Hydrocarbon Reserve Estimates and Risks Assessment in ‘X’ Ray Field, Niger Delta, Nigeria.

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Adamawa State University


Hydrocarbon exploration and production is a high-risk venture. The uncertainties surrounding return on investment is taking a new dimension under the current industry condition. The dwindling nature of crude oil price requires robust assessment of the likelihood of occurrence, the range of possible outcomes, and the threat of loss throughout the life of a hydrocarbon field. Hydrocarbon prospecting in ‘X’ ray field, Niger Delta, Nigeria, revealed two gas prospects inter-bedded in thick shale sequences. Petroleum system elements were evaluated for the two prospects using a set of 3D seismic cube and well logs. Risks associating with each petroleum element were assessed. Result of study shows that the reservoir, trap, and seal are in-place and effective for hydrocarbon accumulation and production. However, organic rich rock that generated the gas accumulation was not found within the field. The absence of source rock within the field indicates high risk for the source and migration path. Average hydrocarbon saturations obtained from the prospects are 0.69, and 0.57 respectively. The estimated gas volumes of 38,620,000,000 BTU(37,892,707 scf)and 1,437,000,000 BTU (1,397,652 scf)for reservoirs 1 and 2 respectively were found to be substantial, to yield positive returns, but continuous charging of the reservoir through the life of the field is a cause for concern. It is presumed that the gas accumulation is generated by a regional source or a source located outside the field under study. To allow well-informed business decision, acquisition and analysis of more data from the neighboring field are recommended.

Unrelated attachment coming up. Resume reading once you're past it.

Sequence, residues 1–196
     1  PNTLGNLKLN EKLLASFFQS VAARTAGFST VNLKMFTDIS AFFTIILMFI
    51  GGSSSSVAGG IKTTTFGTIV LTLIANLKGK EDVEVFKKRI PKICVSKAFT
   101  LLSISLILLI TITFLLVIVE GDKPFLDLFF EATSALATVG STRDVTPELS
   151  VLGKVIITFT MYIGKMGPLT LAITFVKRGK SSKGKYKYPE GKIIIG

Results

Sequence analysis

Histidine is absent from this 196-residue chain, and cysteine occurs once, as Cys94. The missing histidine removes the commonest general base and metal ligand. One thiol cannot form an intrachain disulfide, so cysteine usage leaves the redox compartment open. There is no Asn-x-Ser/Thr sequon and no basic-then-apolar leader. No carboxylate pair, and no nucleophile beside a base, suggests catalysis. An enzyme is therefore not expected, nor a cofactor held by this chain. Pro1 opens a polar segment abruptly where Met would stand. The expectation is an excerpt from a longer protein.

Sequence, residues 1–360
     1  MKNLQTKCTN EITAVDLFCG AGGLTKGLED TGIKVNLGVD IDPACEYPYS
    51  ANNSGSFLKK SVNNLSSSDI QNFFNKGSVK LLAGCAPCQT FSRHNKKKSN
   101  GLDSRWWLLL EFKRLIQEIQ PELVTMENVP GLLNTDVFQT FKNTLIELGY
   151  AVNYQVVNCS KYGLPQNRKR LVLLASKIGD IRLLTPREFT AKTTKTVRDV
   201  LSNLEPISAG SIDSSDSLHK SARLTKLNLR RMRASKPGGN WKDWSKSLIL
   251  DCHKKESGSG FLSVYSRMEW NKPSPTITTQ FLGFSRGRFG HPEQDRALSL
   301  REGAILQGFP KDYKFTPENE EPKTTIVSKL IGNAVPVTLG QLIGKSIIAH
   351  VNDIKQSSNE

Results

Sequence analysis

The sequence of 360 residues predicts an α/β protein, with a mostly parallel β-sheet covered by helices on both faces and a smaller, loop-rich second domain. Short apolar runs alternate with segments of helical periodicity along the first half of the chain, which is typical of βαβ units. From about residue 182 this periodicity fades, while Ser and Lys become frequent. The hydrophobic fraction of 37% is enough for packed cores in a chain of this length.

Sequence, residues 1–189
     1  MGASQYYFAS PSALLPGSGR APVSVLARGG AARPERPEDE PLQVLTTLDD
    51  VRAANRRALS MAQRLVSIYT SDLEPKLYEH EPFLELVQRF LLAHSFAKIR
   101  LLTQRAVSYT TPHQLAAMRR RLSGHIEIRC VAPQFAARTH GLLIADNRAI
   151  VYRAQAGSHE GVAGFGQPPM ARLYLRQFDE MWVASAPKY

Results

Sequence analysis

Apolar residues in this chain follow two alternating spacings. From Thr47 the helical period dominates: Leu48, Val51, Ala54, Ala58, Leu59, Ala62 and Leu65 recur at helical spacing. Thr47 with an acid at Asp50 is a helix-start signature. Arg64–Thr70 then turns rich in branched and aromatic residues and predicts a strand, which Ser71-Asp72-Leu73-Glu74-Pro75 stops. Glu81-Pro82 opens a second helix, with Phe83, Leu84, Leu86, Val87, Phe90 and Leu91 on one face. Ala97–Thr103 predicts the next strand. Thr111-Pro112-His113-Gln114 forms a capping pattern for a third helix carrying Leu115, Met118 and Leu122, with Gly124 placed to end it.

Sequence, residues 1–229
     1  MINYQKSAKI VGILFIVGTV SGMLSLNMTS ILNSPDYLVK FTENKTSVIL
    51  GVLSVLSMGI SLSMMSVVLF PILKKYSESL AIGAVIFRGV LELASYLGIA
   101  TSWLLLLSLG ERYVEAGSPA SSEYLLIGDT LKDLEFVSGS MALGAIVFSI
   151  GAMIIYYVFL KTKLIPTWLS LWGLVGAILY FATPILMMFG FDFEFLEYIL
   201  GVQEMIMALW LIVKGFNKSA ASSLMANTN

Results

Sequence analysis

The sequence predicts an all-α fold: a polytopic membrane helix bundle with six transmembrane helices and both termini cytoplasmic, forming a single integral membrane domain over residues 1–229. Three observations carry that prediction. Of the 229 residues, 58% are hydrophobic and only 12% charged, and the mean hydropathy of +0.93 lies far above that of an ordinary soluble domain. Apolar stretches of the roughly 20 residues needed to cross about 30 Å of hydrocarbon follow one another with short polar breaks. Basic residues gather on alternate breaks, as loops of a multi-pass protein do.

Reserves, Hydrocarbon prospect, Petroleum system, reservoir thickness, pay zone


Adeoye, T. O., Raji, W. O. and Ibrahim O. K. (2018). Hydrocarbon Reserve Estimates and Risks Assessment in ‘X’ Ray Field, Niger Delta, Nigeria. Adamawa State University Journal of Scientific Research, Vol. 6(1). 32 – 45. Published by faculty of Science, Adamawa State University